Making the Most of Informational Interviews

Does the idea of conducting informational interviews feel intimidating?

Consider thinking of them as “curiosity conversations”—opportunities to make meaningful connections with folx in your field and gain insights and advice that will help you move forward in your career development.

If you missed our information interviewing webinar last week, here are some key takeaways:

    • Clarify your interests, needs, and goals to assess what knowledge and insights will help you move forward in your career exploration.
    • Identify contacts from your network who possess the background or expertise in your area of interest, including through the CSSW LinkedIn Group or career mentoring program for students.
    • Prepare a brief overview of your professional experience and an agenda for the meeting to ensure you leave with your “must” takeaways.
    • Ask thoughtful questions that can provide actionable insights and build upon what you already know.
    • Make sure to follow-up with a thank you note and keep the contact up-to-date on your progress.

You can find the presentation slides in Career Connect within our Document Library under the Workshops / Webinars / Presentations folder.

Welcome Fall 2020 Students!

The Office of Career Services and Leadership Management would like to extend a warm welcome to our Fall 2020 class!

We look forward to meeting you and discussing your career plans as you further your education and training to promote social justice, equity, inclusion, and the overall well-being of others as anti-racist practitioners.

Want to get a head start on the conversation? Join us on Thursday, September 3 at our Career Q&A session for new students! See details within your Orientation materials.

Career Connect

Later this week, you will be receiving access to our exclusive career management system, Career Connect!

Please keep an eye out for a welcome email from: swcareer=columbia.edu@mg.gradleaders.com (It’s not spam!). It will include instructions on how to schedule appointments, register for future career events, access career-related resources, and more.

Asking Powerful Negotiation Questions

Establishing your value and asking for more is not a selfish act, says Alexandra Carter, Director of the Mediation Clinic at Columbia Law School and author of Ask for More: 10 Questions to Negotiate Anything. Instead, it primes others on how to value you and those who will come after you.

Negotiating is also more than asking for a higher salary and includes intangible benefits such as recognition for your achievements and mentorship and training opportunities. Asking questions is the most underutilized practice in a negotiation strategy, notes Carter. Some powerful questions she suggests asking yourself in any negotiation process are:

    • What’s the problem I want to solve and how? This can help frame what you want to ask for and how you ask for it.
    • What do I want from this negotiation? Consider both tangible and intangible needs.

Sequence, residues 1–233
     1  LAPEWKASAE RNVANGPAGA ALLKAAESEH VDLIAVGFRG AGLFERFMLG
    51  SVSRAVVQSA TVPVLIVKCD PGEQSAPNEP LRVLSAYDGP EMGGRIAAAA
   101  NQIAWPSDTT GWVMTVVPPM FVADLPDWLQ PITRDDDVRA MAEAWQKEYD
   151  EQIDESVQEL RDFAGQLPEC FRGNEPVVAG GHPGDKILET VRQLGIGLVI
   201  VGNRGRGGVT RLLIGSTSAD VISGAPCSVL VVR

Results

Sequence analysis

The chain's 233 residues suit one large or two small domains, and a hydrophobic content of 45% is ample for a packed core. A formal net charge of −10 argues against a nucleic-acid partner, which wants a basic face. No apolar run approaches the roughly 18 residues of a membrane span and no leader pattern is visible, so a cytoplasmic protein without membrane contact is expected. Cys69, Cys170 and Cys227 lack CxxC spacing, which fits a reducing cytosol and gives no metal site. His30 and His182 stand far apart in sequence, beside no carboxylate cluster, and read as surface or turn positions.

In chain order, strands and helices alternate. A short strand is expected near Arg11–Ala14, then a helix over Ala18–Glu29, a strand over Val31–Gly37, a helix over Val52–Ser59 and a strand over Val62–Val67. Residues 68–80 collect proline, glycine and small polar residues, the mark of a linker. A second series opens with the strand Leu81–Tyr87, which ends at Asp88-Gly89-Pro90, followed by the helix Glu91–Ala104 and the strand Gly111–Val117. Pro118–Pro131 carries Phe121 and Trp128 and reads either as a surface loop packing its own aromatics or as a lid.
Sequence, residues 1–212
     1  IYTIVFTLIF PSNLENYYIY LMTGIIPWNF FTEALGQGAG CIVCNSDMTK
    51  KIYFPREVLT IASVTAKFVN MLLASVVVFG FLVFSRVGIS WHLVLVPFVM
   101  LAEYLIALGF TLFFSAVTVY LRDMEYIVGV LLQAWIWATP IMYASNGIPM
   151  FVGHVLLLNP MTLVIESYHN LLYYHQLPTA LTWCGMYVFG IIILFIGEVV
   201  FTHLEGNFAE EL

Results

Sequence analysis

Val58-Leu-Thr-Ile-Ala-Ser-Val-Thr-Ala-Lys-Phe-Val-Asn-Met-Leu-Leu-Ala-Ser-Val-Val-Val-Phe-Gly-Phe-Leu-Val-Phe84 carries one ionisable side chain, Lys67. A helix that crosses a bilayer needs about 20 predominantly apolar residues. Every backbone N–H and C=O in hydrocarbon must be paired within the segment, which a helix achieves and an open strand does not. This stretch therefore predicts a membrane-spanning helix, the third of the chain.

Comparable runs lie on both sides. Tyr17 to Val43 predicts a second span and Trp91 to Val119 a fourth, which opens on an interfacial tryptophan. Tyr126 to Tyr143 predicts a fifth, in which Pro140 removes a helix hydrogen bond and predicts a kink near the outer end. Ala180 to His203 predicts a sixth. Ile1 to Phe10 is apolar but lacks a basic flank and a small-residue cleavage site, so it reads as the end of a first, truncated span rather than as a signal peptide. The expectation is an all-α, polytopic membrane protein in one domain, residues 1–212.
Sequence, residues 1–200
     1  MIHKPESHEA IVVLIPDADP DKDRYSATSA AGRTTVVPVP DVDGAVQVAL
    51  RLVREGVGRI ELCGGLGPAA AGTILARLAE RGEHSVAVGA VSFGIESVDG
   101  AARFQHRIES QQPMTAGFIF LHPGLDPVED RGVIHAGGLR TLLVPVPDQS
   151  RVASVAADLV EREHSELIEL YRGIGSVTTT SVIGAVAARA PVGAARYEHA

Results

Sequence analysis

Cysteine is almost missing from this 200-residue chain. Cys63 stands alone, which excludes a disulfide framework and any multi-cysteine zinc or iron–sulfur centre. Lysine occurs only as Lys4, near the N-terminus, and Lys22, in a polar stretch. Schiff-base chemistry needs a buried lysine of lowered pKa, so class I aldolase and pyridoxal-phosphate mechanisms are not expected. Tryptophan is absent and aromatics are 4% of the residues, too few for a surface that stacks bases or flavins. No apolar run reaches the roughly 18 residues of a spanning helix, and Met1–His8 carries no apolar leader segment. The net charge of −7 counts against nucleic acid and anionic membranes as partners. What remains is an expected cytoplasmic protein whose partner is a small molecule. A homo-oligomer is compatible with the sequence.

• What am I afraid of? Air out your emotions and hesitations by writing them down. Once you acknowledge your feelings, you can move forward to creating a strategy with confidence.
    • Where have I successfully advocated for myself or others in the past? In evaluating the strategies you’ve used and simply thinking about a prior success, you are more likely to do better in negotiating.

Remember, whatever you want to ask for, keep it optimistic, specific, and justifiable. Learn additional tips including how to boost your confidence going into a negotiation by listening to this episode on the How to be Awesome at Your Job podcast.

Written by Rawlisha Pena, Assistant Director of Career Services and Leadership Management, August 25, 2020

Welcome Advanced Standing Students!

Welcome Advanced Standing Students!

The Office of Career Services and Leadership Management would like to extend a warm welcome to our Advanced Standing students!

We look forward to meeting you and discussing your career plans as you further your education and training to promote social justice, equity, inclusion, and the overall well-being of others as anti-racist practitioners.

Want to get a head start on the conversation? Join us on Thursday, July 30 at our Career Q&A session for new students! See details within your Orientation materials.

Career Connect

Later this week, you will be receiving access to our exclusive career management system, Career Connect!

Please keep an eye out for a welcome email from: swcareer=columbia.edu@mg.gradleaders.com (It’s not spam!). It will include instructions on how to schedule appointments, register for future career events, access career-related resources, and more.

Expert Advice Shared in the Job Search Forum

The COVID-19 pandemic has disrupted our lives on many levels, leaving many uncertain on how to approach the changing market and job search.

To address these concerns, over the past three weeks, we welcomed members of the CSSW community and other experts in the field to provide insight on how to tackle the search process during these challenging times.

Below are some of the strategies that were shared:

  • Make sure you’re taking care of yourself first and going at your own pace. This pandemic is already emotionally and physically taxing, so don’t feel like you must be going at full speed during the job search. You don’t want to overwork yourself, as we must be able to take care of ourselves to be able to help others.
  • Be flexible and open to opportunities that may seem out of the norm. Take into consideration positions that at first glance may not be your first choice (title, salary, location, etc.), but could lead to better opportunities. Remember, every experience is a learning experience.